The Land of the Freaked Out and the Home of the Buffoon

From the Richmond Times Dispatch: 

Americans like to think of themselves as brave and strong. But a good portion of them are acting very weak and frightened. […]  Never to be outdone in the lunacy Olympics, Donald Trump is leaving open the possibility of forcing Muslims — including not just refugees but U.S. citizens — to register with the government as such, and perhaps even carry special ID. (No word on whether that might be a yellow star or crescent.) Instead of taking those suggestions, perhaps America should — oh, maybe stop the bed-wetting, for example. Then pull up its big-boy pants — and get a grip.

This is Ebola all over again, y’all.

refugees

10 thoughts on “The Land of the Freaked Out and the Home of the Buffoon

  1. Funny cartoon! Americans are funny people! That said, can you empathize with your fearful neighbors? Even a little bit? We are seeing horrors done in the name of a major world faith. The vast majority of its followers are not in conquest, aggressive, or anything other than peaceful. However, they are silent to denounce this usurpation by a slim minority. Why? The silence is deafening. I suspect this is what raises a red flag to these folks. thanks!

    Like

    • Of course we empathize. But this country, in its fear, rounded up American citizens of Japanese descent in WWII and put them in internment camps. Trump is threatening to do the same with Muslim American citizens. And the Muslim majority has come out and denounced the radical Islamists, repeatedly. I really don’t know what more they can do to change the minds of people who are bent on re-creating a 14th century caliphate. They hold an apocalyptic ideology and we are being sucked right into where they want us.

      Liked by 4 people

    • Would you want to anger them if you lived in their neighborhood?
      The majority of Muslims have denounced the radicals.
      Look at the US, we see the likes of Donald Trump and don’t denounce him.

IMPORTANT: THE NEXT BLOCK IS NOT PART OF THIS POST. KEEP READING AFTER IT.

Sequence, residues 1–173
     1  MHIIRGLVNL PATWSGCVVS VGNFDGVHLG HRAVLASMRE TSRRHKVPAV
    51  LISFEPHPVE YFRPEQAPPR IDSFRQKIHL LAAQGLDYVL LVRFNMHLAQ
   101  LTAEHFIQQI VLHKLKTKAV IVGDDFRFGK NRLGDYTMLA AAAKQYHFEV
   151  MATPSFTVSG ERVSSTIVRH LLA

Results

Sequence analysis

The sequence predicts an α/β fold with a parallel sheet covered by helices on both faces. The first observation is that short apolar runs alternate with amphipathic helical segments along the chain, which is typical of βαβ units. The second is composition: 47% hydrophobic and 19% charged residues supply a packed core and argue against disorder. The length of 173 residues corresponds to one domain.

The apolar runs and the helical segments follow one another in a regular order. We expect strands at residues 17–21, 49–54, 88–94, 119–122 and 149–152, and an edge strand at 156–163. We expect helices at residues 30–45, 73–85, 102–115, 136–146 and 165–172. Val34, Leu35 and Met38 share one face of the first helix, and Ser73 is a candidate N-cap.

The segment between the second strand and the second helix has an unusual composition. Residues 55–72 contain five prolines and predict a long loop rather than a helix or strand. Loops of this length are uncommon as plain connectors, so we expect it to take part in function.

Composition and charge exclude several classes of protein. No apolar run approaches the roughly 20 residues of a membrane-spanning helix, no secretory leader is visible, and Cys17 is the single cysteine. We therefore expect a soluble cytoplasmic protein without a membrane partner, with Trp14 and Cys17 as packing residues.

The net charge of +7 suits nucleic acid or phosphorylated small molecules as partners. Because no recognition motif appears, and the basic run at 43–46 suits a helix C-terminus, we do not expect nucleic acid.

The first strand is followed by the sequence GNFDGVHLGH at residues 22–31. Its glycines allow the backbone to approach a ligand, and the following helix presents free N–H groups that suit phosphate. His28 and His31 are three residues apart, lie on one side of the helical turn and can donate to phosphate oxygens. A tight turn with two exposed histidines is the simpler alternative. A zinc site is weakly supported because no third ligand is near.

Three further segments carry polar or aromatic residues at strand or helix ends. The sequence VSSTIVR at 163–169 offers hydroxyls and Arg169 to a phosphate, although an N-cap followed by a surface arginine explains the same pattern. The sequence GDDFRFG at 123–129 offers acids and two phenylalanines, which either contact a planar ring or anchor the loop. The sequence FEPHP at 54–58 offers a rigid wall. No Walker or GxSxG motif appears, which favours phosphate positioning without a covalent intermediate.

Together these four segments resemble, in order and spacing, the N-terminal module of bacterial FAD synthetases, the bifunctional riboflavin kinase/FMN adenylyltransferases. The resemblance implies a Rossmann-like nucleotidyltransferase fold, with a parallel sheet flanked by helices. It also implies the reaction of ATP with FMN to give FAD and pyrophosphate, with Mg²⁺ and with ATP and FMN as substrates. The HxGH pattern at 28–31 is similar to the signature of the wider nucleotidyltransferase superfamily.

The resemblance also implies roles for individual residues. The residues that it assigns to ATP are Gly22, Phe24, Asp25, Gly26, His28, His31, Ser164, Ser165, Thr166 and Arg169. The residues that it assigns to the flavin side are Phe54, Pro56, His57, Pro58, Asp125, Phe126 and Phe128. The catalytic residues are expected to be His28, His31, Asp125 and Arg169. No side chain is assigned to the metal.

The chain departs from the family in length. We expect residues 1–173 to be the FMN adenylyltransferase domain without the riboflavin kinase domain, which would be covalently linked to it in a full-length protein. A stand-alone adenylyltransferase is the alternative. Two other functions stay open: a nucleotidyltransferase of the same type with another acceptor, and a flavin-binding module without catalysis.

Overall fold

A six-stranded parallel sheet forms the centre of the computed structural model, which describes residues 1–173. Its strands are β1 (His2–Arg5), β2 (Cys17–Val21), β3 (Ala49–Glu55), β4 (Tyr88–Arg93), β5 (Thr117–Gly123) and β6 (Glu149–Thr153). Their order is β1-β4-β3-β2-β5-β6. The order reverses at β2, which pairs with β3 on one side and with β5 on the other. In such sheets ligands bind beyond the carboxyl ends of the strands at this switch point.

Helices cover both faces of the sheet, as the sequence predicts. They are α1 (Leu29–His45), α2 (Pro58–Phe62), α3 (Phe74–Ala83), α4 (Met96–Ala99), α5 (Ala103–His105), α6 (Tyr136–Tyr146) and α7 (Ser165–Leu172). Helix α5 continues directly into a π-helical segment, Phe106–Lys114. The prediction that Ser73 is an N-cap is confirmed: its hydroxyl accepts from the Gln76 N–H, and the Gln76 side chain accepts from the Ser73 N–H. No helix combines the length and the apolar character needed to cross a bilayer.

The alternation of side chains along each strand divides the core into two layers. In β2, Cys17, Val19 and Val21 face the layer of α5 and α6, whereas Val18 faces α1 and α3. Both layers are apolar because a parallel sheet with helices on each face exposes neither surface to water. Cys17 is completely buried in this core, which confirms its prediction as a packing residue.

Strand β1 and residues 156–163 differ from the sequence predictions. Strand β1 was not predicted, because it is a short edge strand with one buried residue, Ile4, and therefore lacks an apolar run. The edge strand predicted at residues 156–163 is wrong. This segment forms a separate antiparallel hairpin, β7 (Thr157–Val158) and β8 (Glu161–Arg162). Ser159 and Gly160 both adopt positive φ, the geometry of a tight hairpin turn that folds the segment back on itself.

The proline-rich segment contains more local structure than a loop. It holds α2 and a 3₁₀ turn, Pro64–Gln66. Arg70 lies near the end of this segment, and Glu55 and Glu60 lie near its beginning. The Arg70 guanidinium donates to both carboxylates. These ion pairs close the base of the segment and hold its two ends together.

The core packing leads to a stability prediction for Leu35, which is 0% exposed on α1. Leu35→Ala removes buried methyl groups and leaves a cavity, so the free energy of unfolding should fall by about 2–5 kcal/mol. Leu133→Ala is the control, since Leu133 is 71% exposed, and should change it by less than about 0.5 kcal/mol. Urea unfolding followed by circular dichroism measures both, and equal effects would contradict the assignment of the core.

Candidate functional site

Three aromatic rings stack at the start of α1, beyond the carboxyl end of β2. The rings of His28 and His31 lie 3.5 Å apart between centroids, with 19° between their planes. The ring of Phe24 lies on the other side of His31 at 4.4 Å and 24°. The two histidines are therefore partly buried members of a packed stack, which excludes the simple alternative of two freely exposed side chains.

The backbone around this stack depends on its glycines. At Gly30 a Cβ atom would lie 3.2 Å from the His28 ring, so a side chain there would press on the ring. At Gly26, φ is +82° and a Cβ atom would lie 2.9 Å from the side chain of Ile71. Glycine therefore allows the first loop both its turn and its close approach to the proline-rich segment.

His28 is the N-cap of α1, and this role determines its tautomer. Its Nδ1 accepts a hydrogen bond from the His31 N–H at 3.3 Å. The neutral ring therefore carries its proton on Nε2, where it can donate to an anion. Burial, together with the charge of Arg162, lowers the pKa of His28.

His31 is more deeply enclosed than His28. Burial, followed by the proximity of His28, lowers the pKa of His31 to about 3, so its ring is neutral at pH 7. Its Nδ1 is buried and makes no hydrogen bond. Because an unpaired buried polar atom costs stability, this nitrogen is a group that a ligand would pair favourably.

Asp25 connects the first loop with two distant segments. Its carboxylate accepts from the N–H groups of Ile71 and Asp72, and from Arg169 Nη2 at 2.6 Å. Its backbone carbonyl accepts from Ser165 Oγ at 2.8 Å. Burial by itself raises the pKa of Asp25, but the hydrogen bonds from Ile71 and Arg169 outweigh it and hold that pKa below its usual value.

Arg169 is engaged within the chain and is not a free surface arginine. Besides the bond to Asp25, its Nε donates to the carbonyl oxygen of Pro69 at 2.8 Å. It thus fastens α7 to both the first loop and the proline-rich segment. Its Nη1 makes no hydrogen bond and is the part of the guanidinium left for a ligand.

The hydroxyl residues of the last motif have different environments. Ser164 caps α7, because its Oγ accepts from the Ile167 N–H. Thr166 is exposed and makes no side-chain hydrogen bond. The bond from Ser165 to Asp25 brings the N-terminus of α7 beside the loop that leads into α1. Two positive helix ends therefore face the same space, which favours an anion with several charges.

Liked by 2 people

    • Considering how people are targeting Muslims, would You write an editorial or speak out? Did you see what happened at that public meeting about building a new Mosque?
      Would you as a minority member speak out?

      Liked by 1 person

    • Considering how people are targeting Muslims, would You write an editorial or speak out? Did you see what happened at that public meeting about building a new Mosque?
      Would you as a minority member speak out?

      Actually, Google Muslim leaders denounce violence. They try, their message not getting out!

      Liked by 3 people

  2. I know I’m focusing on the wrong thing but it’s sad how low our level of conversation has fallen when a major newspaper editorial uses bed-wetting and “big boy pants” as metaphors. Trump isn’t solely responsible for that but he certainly isn’t helping.

    As for Muslims and their leaders speaking out, it’s a shame but off the top of my head I couldn’t name a major Islamic figure comparable to, say, the Pope. But there are cases like the Grand Mufti of Saudi Arabia, Abdul-Aziz ibn Abdullah Al ash-Sheikh, who said, “Extremist and militant ideas and terrorism which spread decay on Earth, destroying human civilization, are not in any way part of Islam, but are enemy number one of Islam, and Muslims are their first victims.” And one-hundred and twenty-six Muslim leaders collectively wrote an open letter condemning the Islamic State’s leader. It can be found here:

    http://www.lettertobaghdadi.com/

    And an uncounted number of Muslims worldwide have been participating in a “Burn The ISIS Flag” challenge which has gone viral.

    http://www.dailymail.co.uk/news/article-2747644/The-Burn-ISIS-Flag-Challenge-Outraged-Muslims-flood-web-version-Ice-Bucket-Challenge-protest-against-Islamic-State-barbarism.html

    Then again “gone viral” is a relative term. It’s kind of sad how little reporting there’s been. Maybe that speaks to why Waleed Abdel Razek, an Egyptian who was in Paris who took a break from helping his brother who’s undergoing cancer treatment to go to a soccer game, was initially assumed by the media to be a terrorist when he was found unconscious and badly injured outside the stadium.

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